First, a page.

F-M area colleges navigate new ICE rules for international students
FARGO — As colleges throughout the Red River Valley plan for the fall semester, U.S. immigration officials announced changes to guidance on student visas that could impact hundreds of international students in the region.
International students attending schools that shift exclusively online in the fall will not be able to take a full course load and live in the U.S. under United States Immigration and Customs Enforcement's latest guidance on the Student and Exchange Visitor Program.
At schools that operate exclusively in-person, international students will be bound to existing regulations, which permit them to take a maximum of one course or three credit hours online.
International students at schools using a hybrid of online and in-person classes— such as North Dakota State University, Minnesota State University Moorhead and Concordia College — will be allowed to exceed that credit limit, university officials said.
NDSU International Student and Study Abroad Services director Alicia Kauffman said her department is working to figure out how the changes will affect the university's international student population.
Restrictions will be more rigid in the fall, which Kauffman said is a return to past standards.
"The intent is for students here in the U.S. in a program of study to take the majority of their credits in person," she said. "My guess would be that in keeping with the spirit of the federal regulations, SEVP is trying to be flexible while also keeping in mind the intent of those regulations."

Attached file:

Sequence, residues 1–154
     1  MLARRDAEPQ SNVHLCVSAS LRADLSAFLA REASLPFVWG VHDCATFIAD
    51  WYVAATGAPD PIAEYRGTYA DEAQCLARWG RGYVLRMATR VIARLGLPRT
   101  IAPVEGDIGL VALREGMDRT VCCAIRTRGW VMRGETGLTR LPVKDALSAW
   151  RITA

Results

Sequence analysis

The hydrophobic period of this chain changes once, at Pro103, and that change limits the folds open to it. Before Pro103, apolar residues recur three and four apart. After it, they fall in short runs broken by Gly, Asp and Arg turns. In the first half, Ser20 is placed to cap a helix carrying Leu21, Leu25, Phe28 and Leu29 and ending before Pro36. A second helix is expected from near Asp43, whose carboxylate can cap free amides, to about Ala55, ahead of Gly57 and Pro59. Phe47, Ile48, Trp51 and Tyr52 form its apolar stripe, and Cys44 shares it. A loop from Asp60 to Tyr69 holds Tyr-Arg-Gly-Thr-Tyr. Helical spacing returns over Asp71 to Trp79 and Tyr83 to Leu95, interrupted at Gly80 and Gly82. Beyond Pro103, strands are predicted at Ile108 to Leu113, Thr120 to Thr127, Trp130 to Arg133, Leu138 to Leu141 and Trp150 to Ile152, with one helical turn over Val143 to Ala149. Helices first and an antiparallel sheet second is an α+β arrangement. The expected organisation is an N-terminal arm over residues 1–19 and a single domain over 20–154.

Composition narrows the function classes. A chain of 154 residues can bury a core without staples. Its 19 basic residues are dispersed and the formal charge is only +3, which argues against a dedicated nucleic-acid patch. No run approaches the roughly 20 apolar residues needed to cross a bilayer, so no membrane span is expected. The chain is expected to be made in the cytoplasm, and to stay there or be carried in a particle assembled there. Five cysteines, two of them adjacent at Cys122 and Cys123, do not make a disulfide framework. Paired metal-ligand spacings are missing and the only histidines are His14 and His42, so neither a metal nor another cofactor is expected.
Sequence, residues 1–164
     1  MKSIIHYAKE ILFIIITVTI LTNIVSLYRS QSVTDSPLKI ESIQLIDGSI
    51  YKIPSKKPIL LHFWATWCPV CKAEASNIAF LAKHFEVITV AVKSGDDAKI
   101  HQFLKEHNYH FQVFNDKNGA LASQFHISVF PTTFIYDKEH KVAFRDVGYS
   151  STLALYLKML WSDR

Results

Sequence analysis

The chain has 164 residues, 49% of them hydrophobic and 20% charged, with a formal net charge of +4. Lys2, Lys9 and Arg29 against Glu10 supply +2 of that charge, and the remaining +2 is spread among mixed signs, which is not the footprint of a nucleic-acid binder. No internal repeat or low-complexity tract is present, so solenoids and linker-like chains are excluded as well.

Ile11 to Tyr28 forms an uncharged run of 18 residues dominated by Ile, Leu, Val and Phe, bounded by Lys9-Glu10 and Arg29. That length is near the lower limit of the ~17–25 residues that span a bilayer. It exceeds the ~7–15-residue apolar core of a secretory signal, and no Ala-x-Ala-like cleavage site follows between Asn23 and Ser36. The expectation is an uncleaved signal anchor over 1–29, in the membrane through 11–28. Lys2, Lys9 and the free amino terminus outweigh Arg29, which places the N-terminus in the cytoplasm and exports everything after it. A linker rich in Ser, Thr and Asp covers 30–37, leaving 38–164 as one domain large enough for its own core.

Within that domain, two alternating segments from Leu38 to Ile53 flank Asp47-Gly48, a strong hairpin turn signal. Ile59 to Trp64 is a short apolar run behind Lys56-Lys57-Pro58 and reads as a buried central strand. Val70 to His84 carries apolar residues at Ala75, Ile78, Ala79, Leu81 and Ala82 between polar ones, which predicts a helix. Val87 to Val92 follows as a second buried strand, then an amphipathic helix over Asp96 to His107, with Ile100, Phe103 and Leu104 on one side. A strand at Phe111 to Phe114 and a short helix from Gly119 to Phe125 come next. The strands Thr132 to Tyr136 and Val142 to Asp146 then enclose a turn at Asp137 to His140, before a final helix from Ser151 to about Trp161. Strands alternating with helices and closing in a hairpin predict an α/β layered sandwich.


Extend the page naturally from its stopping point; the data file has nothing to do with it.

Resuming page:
MSUM and Concordia College are piecing together the fall's international enrollment in light of the pandemic and the new policy.
"I think the new policy is still in the process of being interpreted both in the courts and how it will apply on campus," said Karl Stumo, Concordia's Vice President of Enrollment and Marketing. "We'll take a wait-and-see approach to determine the implementation of the final policy."
Since Concordia is using a hybrid model in the fall, "there won't be any students who would be exclusively taking online courses, so those students wouldn't be impacted by the new policy," he added.
MSUM is still working to determine each international student's situation, given that many embassies worldwide are closed.
"It's really hit or miss depending on the country," said Kimberly Gillette, director of MSUM's Center for Global Engagement.
"It's those that have to get visas to come back in that I'm more worried about," she continued, adding that new students may not even be able to obtain visas to enter the county.
Last fall, 619 international students enrolled at NDSU, representing roughly 5% of the student body. At MSUM, Gillette estimated that international enrollment for the fall is currently around 200 students, slightly lower than last year's mark of 250.
Concordia had 80 international students last fall, though Stumo estimates of the 46 who had planned to come to campus, only seven to 10 will ultimately wind up in Moorhead.
Losing a sizable portion of international students would be a significant loss, Stumo said.
"They're an amazing asset to our learning environment," he explained. "Concordia would not be the learning environment it is without the contributions that our international students make to our community."